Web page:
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Annual Spencer Lecture Features NASA Director of Planetary Science Lori Glaze

On March 9, 2023, the Nelson W. Spencer Lecture will feature Dr. Lori Glaze, the director of NASA’s Science Mission Directorate’s Planetary Science Division.

In March, the 2023 Nelson W. Spencer Lecture will feature Dr. Lori Glaze, the director of NASA’s Science Mission Directorate’s Planetary Science Division. The lecture will be offered as part of the U-M Climate and Space Seminar Series at 3:30pm Eastern on Thursday, March 9.

Dr. Nelson W. Spencer became the director of the U-M Space Physics Research Laboratory in 1948 and remained its guiding force until 1960. During his tenure, SPRL established itself as a prominent leader in the exploration of the Earth’s upper atmosphere. Dr. Spencer believed in the importance of including science goals in all space flight missions, and was a pioneer in America’s space science program. Each year, a special guest speaker is invited to the Climate and Space Sciences and Engineering Department to present a lecture in Dr. Spencer’s honor.

Dr. Lori Glaze works as the director of NASA’s Science Mission Directorate’s Planetary Science Division. Within NASA’s Science Mission Directorate, the Planetary Science Division focuses on space flight missions and scientific research that address fundamental questions of solar system formation and evolution, including understanding planetary environments that can (or could have in the past) support life.

Prior to headquarters, Dr. Glaze served as the chief of the Planetary Geology, Geophysics and Geochemistry Laboratory at Goddard Space Flight Center in Greenbelt, Maryland, and as the Deputy Director of Goddard’s Solar System Exploration Division.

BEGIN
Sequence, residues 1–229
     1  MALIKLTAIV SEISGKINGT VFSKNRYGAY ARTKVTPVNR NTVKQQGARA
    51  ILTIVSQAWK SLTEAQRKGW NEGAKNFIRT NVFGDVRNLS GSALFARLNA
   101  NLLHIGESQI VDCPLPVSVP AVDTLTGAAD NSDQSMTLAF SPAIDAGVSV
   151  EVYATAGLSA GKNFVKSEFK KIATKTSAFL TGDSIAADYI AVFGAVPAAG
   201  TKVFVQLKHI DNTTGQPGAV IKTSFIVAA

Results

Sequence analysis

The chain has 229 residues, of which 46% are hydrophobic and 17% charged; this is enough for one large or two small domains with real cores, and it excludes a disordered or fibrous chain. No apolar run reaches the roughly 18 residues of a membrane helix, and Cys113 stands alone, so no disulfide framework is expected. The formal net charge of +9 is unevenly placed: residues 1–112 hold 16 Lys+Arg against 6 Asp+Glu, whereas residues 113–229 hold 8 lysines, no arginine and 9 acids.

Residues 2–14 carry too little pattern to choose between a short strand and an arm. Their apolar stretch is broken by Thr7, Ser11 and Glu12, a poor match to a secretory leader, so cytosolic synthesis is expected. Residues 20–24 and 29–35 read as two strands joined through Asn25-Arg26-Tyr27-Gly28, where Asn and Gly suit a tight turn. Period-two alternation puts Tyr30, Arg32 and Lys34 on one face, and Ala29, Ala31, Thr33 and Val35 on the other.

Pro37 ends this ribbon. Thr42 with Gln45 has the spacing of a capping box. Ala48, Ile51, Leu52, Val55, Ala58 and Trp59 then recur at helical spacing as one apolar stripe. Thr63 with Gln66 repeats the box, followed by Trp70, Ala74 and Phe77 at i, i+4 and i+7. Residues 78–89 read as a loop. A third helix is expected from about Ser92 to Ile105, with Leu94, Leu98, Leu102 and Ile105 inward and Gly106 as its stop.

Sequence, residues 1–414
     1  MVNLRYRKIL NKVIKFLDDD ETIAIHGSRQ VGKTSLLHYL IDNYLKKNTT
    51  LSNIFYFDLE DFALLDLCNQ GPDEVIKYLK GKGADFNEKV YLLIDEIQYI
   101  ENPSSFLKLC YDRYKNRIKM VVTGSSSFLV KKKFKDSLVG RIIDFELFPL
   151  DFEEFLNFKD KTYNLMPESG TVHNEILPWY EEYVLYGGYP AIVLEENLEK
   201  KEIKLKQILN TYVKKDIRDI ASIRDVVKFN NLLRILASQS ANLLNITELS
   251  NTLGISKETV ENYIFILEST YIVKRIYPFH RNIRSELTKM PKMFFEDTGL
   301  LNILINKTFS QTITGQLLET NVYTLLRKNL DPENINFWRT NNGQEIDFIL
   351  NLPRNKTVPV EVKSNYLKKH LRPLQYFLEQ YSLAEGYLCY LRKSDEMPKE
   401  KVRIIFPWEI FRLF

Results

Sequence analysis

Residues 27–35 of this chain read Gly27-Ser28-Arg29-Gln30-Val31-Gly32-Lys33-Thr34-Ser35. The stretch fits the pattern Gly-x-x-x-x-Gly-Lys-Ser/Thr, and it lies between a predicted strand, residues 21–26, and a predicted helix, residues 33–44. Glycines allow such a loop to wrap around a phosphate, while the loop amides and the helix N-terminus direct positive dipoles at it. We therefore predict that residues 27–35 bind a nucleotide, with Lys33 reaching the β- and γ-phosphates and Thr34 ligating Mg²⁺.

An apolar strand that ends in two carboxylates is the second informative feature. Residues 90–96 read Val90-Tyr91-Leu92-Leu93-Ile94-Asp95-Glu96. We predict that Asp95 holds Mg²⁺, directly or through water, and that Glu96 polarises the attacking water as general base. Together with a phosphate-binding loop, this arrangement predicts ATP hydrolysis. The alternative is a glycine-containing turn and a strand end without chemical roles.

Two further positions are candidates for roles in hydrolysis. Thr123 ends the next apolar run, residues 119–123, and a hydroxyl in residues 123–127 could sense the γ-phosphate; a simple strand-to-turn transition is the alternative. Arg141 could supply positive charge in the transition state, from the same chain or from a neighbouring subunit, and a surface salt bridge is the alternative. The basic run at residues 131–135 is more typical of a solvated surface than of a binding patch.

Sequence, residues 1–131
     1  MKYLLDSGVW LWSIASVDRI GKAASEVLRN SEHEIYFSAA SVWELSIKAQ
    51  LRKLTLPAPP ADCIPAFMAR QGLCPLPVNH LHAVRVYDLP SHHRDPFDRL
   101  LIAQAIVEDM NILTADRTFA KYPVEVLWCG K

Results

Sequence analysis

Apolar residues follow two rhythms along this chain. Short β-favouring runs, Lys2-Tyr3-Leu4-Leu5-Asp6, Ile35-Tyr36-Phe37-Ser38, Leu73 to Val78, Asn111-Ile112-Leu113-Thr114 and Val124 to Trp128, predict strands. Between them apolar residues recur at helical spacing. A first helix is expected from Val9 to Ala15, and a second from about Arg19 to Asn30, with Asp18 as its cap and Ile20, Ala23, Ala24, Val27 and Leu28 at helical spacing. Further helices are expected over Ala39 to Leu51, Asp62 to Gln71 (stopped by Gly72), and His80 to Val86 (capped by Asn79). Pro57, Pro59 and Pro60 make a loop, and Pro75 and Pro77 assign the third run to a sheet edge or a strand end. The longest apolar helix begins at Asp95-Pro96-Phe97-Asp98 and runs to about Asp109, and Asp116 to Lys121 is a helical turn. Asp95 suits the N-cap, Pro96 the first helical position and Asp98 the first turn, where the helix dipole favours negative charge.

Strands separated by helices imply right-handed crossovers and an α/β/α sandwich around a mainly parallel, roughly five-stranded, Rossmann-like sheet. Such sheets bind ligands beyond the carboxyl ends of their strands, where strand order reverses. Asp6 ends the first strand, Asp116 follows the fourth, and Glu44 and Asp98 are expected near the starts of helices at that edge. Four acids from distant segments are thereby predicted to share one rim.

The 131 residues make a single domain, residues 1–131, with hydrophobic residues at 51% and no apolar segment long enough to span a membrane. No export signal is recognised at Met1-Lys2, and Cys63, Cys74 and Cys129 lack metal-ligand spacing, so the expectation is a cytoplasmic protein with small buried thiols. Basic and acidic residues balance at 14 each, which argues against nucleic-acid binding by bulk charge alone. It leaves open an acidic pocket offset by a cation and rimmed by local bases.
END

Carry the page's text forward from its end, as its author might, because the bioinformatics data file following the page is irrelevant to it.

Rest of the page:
Dr. Glaze’s research interests include physical processes in terrestrial and planetary volcanology, atmospheric transport and diffusion processes, and geologic mass movements. Her work focuses on data analysis and theoretical modeling of surface processes on all the terrestrial solar system bodies, particularly the Earth, Venus, Mars, Moon, and Io. She develops statistical, analytical, and data management methods in support of physical process modeling and develops applications of diverse sets of terrestrial and planetary remote sensing data.

Dr. Glaze was a member of the Inner Planets Panel during the most recent Planetary Science Decadal Survey, and has had a role on the Executive Committee of NASA’s Venus Exploration Analysis Group (VEXAG) for several years, serving as the group’s Chair from 2013 – 2017. Dr. Glaze was a member of the Planetary Science Subcommittee from 2011 to 2013.

She has been involved with many NASA-sponsored Venus mission concept formulation studies, including as a member of the Venus Flagship Science and Technology Definition Team, as Science Champion for the Venus Mobile Explorer, and Co-Science Champion for the Venus Intrepid Tessera Lander. Until her move to headquarters, she also was the Principal Investigator of the Deep Atmosphere Investigation of Noble gases, Chemistry, and Imaging (DAVINCI).

Dr. Glaze will give a talk titled “Exploring the Solar System with NASA’s Planetary Science Division.” In her presentation, Glaze will discuss several missions in the PSD portfolio, which span the full breadth of the Solar System—from NASA contributions to the Europe/Japan-led BepiColombo mission heading to Mercury, all the way to New Horizons past Pluto in the Kuiper Belt. Glaze will cover some recent scientific highlights stemming from missions such as InSight, Mars2020/Perseverance, and DART—the first test of a planetary defense technique. She will also talk about some upcoming missions, including the Psyche mission to a metal asteroid, Europa Clipper, the bold Mars Sample Return endeavor, and NASA’s return to the Moon, as well as some of her career highlights.   

Dr. Glaze was born in Texas, where she graduated from the University of Texas, Arlington with a B.A. and M.S. in Physics. She received a Ph.D. in Environmental Science from Lancaster University in the United Kingdom. She has also previously worked at the Jet Propulsion Laboratory and at Proxemy Research as Vice President and Senior Research Scientist.

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